Capsule Endoscope Forges Precise Path Through the Body
TEL AVIV, Israel, Dec. 19, 2011 — Tiny capsules guided by magnetic steering are set to do the work of bulkier endoscopes, perhaps leading one day to less invasive, yet more powerful, imaging and drug delivery inside the body.
At Tel Aviv University, Gabor Kosa devised a method to guide endoscopic “capsules” on a more precise course through the small intestine to detect difficult-to-diagnose tumors and wounds. The capsules are guided through the body via the magnetic waves generated by a magnetic resonance imaging (MRI) instrument. The ability to manipulate the capsule, Kosa said, will lead to better diagnostic capabilities as well as a faster, less invasive procedure.
An endoscopic capsule being tested at Brigham and Women’s Hospital can be steered through the body using magnetic waves from an MRI machine. (Photo: American Friends of Tel Aviv University)
Endoscopes usually are attached to flexible tubing that is pushed through the interior of the body, but this can be dangerously invasive. Procedures often require sedatives and some recovery time. The capsule endoscope developed by Kosa can move through the digestive tract to detect problems independent of any attachments.
The project is inspired by an endoscopic capsule designed for use in the small intestine. Unlike the existing capsule, which travels at random and snaps pictures every half second to give doctors an overall view of the intestines, the Tel Aviv University capsules use the MRI’s magnetic waves to forge a more precise and deliberate path.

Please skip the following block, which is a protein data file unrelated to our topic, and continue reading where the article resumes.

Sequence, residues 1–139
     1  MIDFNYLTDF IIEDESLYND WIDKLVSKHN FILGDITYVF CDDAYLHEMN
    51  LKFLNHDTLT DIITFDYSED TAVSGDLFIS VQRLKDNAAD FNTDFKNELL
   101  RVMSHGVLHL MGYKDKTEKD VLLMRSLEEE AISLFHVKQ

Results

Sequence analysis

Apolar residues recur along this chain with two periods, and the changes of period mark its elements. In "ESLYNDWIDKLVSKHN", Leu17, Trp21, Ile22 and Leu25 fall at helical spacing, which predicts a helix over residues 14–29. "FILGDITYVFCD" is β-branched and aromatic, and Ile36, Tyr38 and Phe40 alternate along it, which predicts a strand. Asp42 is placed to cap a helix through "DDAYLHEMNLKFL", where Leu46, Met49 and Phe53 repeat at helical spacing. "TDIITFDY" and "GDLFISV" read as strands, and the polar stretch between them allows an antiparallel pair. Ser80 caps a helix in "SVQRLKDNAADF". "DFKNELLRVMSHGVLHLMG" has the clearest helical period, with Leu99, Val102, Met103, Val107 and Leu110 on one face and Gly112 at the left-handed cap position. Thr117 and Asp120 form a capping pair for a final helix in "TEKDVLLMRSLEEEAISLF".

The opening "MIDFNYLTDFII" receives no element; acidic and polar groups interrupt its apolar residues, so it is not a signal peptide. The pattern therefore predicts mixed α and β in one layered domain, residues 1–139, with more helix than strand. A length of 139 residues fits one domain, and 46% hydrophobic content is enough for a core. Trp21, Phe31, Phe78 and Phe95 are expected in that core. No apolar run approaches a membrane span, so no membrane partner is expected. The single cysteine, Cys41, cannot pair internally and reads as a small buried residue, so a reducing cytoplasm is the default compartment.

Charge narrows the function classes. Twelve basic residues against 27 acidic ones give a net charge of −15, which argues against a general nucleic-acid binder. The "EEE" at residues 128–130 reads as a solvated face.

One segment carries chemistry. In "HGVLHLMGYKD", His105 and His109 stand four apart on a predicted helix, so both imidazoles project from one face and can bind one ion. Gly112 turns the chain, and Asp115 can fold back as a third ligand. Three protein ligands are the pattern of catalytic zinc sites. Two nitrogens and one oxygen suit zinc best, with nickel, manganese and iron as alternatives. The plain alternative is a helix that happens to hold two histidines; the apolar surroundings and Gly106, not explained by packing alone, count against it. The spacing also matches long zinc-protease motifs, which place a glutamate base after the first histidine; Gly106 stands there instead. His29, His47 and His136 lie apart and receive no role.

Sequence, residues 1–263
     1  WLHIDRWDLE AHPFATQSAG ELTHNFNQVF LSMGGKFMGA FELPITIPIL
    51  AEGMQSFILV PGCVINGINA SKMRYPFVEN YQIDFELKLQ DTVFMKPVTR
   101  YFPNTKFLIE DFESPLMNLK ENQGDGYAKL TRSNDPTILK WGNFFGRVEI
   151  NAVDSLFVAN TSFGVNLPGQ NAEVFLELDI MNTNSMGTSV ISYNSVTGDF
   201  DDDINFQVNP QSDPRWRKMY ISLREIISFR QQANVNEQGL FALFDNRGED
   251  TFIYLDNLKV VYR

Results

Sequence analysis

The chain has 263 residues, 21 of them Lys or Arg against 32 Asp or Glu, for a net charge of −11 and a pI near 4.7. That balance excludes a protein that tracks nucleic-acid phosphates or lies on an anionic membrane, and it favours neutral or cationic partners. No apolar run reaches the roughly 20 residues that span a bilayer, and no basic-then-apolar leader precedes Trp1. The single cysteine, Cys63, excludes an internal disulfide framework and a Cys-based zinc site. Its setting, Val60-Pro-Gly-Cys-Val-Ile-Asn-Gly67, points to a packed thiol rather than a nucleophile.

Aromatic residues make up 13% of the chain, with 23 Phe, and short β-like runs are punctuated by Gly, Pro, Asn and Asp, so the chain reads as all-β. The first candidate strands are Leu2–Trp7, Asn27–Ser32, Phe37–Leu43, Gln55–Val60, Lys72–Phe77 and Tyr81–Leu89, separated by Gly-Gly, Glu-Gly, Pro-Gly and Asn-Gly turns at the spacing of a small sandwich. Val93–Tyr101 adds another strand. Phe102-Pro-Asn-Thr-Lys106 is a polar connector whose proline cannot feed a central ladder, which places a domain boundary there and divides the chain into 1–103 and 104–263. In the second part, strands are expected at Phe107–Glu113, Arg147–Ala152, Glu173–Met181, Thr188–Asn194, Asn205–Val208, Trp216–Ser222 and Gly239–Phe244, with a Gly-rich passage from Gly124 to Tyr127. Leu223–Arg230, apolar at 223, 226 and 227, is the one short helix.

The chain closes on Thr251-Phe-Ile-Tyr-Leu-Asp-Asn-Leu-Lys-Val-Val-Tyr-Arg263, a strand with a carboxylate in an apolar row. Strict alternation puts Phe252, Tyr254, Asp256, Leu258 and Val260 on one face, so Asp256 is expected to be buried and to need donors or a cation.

“An MRI has a very large constant magnetic field,” Kosa said. “The capsule needs to navigate according to this field, like a sailboat sailing with the wind.”
To help the capsules “swim” with the magnetic current, the researchers gave them “tails,” a combination of copper coils and a flexible polymer. The magnetic field creates a vibration in the tail, which allows for movement. Electronics and microsensors embedded in the capsule allow the capsule’s operator to manipulate the magnetic field that guides the movement of the device. The use of copper, a nonferromagnetic material, circumvents other diagnostic challenges posed by MRI, Kosa said. While most magnets interfere with MRI by obscuring the picture, copper appears as only a minor blot on otherwise clear film.
The technology, which was recently reported in Biomedical Microdevices, was developed in collaboration with Peter Jakab, an engineer from the Surgical Planning Laboratory at Brigham and Women’s Hospital in Boston.
In the lab at Brigham and Women’s, Kosa and his colleagues tested the driving mechanism of the capsule in an aquarium inside the MRI. The results showed that the capsule can successfully be manipulated using a magnetic field. Moving forward, the researchers are hoping to further develop the capsule’s endoscopic and signaling functions.
For more information, visit: www.aftau.org
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